- NNPCL Has Stopped Importing Enough Fuel To Meet Nigerians Demand- Fuel Marketers
- Warn That Scarcity Will Linger Till January
- Angst As NNPCL, Petroleum Ministers Keep Mum
- It’s The Usual Christmas Gift To The Poor- Nigerians
By Babajide Okeowo
Nigerians are currently battling with the double trouble of a scathing fuel scarcity that has rocked the major parts of the country and a blackout from the country’s erratic power supply, which has plunged many homes into pitch darkness.
This is even as the Independent Petroleum Association of Nigeria (lPMAN) has attributed the current fuel scarcity to the unavailability of petroleum products and difficulty in accessing foreign exchange by marketers.
Mr Mike Osatuyi, the Operations Controller of lPMAN, made the remarks in an interview with the News Agency of Nigeria (NAN) in Lagos on Sunday.
Osatuyi said it had become necessary to inform the general public that the lingering scarcity of petrol was due to the unavailability of the product.
He alleged that the Nigeria National Petroleum Corporation (NNPC) Ltd., had stopped importing enough petrol to meet demand in the country.
We are experiencing scarcity because the product is not available.
“The price of a litre of petrol at private depots is currently between N205 and N210 as against N162.50.
“The Nigeria National Petroleum Corporation (NNPC) Ltd., is the sole importer of refined petroleum products, which are not readily available to marketers,” he said.
Osatuyi explained that his members bought petrol at over N200 per litre from private depots, making it impossible for them to sell at a regulated pump price.
“Besides, such a trend is unsustainable given the fact that private depots also sell the product at an unofficial rate different from that of NNPCL.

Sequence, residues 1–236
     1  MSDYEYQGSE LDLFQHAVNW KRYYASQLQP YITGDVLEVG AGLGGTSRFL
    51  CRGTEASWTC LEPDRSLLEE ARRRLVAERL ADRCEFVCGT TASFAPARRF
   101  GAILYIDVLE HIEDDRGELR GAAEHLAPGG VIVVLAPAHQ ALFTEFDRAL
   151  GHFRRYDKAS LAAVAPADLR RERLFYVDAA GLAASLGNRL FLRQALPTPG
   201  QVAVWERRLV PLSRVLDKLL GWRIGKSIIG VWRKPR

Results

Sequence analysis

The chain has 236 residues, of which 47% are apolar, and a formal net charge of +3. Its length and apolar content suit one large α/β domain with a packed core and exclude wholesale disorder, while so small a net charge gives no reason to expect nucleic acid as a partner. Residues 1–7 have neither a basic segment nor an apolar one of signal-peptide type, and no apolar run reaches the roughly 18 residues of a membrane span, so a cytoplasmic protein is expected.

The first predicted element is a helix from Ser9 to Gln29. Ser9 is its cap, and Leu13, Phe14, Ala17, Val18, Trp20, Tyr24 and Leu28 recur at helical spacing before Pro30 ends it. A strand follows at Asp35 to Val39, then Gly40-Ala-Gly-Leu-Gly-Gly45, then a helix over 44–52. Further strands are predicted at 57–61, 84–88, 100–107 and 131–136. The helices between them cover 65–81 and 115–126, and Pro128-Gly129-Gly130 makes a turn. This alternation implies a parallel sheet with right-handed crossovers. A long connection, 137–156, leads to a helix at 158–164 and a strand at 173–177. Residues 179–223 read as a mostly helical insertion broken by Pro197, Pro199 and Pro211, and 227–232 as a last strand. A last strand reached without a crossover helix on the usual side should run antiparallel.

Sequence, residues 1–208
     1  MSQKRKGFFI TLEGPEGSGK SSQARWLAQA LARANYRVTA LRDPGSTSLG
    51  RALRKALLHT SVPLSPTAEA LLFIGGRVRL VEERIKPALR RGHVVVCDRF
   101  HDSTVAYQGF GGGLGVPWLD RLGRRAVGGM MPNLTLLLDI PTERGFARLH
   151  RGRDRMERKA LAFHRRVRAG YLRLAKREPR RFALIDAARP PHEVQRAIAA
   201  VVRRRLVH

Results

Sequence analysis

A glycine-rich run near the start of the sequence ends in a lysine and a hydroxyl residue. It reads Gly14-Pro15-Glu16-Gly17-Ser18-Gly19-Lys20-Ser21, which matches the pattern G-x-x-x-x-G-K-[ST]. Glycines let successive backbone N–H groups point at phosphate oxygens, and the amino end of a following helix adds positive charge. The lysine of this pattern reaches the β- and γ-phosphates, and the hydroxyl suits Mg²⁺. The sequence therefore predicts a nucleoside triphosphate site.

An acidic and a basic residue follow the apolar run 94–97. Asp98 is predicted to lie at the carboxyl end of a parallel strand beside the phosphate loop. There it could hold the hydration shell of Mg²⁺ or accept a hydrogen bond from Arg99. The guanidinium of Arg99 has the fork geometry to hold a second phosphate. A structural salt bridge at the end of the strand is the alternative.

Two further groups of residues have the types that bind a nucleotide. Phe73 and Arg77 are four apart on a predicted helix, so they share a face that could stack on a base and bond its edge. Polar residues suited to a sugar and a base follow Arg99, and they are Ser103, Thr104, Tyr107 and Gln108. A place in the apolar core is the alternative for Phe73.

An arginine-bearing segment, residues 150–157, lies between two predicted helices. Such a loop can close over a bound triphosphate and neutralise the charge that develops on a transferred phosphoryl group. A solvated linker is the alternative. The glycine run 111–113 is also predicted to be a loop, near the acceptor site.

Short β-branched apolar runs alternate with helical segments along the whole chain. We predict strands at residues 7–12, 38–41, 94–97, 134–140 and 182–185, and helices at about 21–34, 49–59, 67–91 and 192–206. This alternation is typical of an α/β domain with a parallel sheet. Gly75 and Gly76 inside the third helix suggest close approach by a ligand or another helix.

“When we add the cost of transportation and levies, it will run into N217 per litre. At what prices do you want marketers to sell, knowing fully well that we are in business to make a profit.
“My members are groaning over the increase in the cost of petrol from the depot and they suffer a lot to get it.
“If fuel is there why will we not sell, but there is no fuel? Our members are selling petrol between N230 and N240 per litre at filling stations,” he added.
The effect of the worsening petrol scarcity in the country is characterized by the presence of long queues and crowds at bus stops across many states.
Many filling stations are under lock and key while the few stations that have the product are selling at prices different from the approved pump prices.
For example, the product is selling for between N250-N500 in major states of the country like Lagos, Delta, Kano, Ogun, Sokoto, Rivers, Plateau, Edo, Kwara and the Federal Capital Territory (FCT) to mention a few amid a very long queue.
Many Nigerians lamented spending several hours in long queues at the filling stations, which has frustrated them.
“We are buying at the rate of N250 and the queues are so much that you will be frustrated” one Nigerian lamented.
This development is coming as marketers, under the aegis of the Independent Petroleum Marketers Association of Nigeria (IPMAN), warned that due to some circumstances including logistic challenges, and the introduction of some new charges in the downstream oil sector, which had given rise to a hike in the ex-depot price of petrol, all these concerns could further make the current fuel queues to linger beyond December.